This is what being world No. 1 means to her right now

“I feel I enjoy the challenge of being No.1, not the responsibility in a way, I just enjoy the challenge and the challenge to continue to improve regardless of what your ranking is.

It’s important to try and grow every single day and that’s both a personal goal and a professional goal, to grow as a person and as an athlete every single day. So, In doing that, I’d love to try and inspire the next generation coming through and put a smile on boys and girls faces all over the world and particularly around Australia”.

Barty was born in Ipswich, Australia, and has a partially indigenous background

Ashleigh Barty was born on 24 April 1996 to her father Robert Barty who is a Ngarigo Indigenous Australian and her mother Josie Barty who is an Australian of English origin.

Barty grew up in Springfield, a suburb of Ipswich in Queensland and started playing tennis at the age of four. She had an impressive junior career, winning the 2011 Wimbledon girls’ singles title and reaching as high as World No. 2. While this was going on her dad used to work in the Australian government and her mom worked as a radiographer and is the daughter of English immigrants.

She also grew up with two older sisters named Sara and Ali Barty. 

Style of play

WTA World No 1 Ashleigh Barty plays old-school tennis composed of an equal mix of offense and defense. She doesn’t hit the ball as hard as her peers, especially off the backhand side, but she uses variations in pace and spin to unsettle her opponents.

Barty frequently comes to the net, and is adept at hitting volleys. She also uses the backhand slice liberally, keeping the ball low off that wing to elicit errors from her opponents.

Strengths and weaknesses

Ash Barty’s court sense is her biggest strength. She is a strategic player who knows how to outmaneuver her opponents, and her chess-like game can give headaches to even the most experienced tennis players.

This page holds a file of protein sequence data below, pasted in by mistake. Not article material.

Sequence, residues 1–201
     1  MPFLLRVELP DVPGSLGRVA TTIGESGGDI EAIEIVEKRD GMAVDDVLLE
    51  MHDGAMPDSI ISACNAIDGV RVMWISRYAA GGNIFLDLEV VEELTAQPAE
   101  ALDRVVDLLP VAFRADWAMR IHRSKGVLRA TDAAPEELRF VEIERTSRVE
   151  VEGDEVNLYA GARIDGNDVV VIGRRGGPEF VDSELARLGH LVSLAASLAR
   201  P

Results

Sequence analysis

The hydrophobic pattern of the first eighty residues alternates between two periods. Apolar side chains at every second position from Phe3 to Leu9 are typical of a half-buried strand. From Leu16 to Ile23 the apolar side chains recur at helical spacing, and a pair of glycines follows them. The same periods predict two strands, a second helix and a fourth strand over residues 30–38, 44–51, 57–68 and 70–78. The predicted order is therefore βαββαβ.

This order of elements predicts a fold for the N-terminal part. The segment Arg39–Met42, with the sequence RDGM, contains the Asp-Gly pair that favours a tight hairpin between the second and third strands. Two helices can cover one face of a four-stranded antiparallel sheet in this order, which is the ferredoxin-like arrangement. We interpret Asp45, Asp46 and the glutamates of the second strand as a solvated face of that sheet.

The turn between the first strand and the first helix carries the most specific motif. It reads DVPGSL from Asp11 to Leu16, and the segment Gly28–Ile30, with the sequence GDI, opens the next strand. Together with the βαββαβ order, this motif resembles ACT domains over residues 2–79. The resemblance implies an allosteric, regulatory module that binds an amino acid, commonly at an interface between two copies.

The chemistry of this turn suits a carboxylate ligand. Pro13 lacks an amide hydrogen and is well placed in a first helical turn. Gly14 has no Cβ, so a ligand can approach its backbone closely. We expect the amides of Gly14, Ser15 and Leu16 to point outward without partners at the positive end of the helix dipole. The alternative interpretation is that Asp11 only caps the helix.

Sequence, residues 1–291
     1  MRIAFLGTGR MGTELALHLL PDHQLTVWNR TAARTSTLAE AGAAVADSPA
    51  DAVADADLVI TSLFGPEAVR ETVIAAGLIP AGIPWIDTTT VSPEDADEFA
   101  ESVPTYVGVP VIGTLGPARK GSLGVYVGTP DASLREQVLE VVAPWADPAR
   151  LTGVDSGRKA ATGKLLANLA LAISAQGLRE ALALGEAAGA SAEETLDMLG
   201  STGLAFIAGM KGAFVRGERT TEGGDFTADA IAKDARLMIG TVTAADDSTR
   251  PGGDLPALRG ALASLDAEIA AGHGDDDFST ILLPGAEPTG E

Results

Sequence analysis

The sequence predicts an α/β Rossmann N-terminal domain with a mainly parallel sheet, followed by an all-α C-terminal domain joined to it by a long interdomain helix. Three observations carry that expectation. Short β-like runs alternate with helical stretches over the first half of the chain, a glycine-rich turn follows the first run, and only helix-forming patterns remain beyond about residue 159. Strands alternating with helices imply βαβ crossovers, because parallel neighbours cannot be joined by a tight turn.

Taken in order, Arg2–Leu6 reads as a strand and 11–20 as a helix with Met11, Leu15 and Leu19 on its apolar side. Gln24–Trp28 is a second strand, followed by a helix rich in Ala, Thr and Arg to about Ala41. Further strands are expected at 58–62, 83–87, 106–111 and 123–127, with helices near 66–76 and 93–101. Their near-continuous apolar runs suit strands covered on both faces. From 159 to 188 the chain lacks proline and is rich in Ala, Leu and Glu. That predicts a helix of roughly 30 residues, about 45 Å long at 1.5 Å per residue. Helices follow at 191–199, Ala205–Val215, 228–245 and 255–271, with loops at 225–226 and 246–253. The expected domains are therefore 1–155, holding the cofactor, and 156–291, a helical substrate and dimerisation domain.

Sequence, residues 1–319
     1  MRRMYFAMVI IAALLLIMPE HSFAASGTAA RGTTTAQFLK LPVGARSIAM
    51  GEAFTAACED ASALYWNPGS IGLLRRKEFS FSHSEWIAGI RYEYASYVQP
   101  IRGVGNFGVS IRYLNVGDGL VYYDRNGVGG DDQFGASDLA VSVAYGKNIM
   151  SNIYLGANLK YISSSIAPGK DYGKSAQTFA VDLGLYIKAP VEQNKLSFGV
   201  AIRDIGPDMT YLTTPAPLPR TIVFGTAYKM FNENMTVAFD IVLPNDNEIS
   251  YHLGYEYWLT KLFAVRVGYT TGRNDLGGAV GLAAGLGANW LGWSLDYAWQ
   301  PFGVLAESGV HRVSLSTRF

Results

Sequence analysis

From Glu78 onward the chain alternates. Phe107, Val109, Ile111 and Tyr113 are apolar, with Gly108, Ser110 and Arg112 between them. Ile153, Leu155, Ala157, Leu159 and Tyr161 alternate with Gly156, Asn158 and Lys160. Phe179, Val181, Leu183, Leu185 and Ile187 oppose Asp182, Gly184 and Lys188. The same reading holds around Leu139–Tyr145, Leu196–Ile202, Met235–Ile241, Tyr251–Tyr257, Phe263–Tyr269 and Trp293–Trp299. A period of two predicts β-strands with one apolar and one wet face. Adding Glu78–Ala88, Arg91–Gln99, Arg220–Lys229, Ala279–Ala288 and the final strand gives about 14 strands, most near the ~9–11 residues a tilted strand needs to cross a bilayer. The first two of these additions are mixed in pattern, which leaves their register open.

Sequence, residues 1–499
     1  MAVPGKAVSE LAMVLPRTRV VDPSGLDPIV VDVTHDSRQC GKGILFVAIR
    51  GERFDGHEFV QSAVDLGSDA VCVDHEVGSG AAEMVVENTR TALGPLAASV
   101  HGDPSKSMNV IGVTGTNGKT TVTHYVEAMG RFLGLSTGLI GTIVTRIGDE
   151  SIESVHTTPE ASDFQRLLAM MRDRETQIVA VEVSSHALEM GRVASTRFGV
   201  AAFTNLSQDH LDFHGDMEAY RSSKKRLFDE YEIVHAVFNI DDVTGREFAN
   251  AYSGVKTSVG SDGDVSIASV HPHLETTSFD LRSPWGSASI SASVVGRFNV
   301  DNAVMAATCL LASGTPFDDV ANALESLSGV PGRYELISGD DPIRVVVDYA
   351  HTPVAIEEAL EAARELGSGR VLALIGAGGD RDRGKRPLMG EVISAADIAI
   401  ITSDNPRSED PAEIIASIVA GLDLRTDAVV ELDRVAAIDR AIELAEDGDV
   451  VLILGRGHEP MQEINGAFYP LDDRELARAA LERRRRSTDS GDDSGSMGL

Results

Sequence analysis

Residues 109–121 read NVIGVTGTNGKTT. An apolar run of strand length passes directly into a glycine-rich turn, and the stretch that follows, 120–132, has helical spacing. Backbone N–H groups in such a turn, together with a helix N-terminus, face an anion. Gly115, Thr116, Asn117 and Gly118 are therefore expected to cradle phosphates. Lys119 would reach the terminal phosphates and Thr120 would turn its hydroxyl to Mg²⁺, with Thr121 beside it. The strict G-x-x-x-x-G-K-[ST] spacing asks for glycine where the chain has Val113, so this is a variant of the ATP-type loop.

The Australian has a multi-faceted forehand which she can roll deep crosscourt and also hit flat down the line. Her two-handed backhand is used mainly as a rally shot; it is consistent and deep, even if it lacks a bit of pace.

The Aussie tennis star’s backhand slice is a major weapon, both in offense and defense. Ash Barty can hit short slices to draw her opponents to the net, or hit sharply angled ones to pull them wide, or even hit low biting ones which she follows into the net.

The Queenslander has a decent serve and also moves well around the court. She is an exceptional volleyer, and is capable of keeping up the pressure on her opponents with her relentless forays to the net.

WTA World No 1 Ashleigh Barty’s biggest, and possibly only, weakness is her relative lack of firepower. She can get hit off the court by bigger opponents, and is forced to scramble all over the court plenty of times.

Her winning style 

On 9th June, Ashleigh Barty lifted the Coupe Suzanne-Lenglen on Centre Court at Roland Garros. The way tennis star Ash Barty sealed her victory, in a highly effective manner 

says a lot about this new icon and queen of world tennis.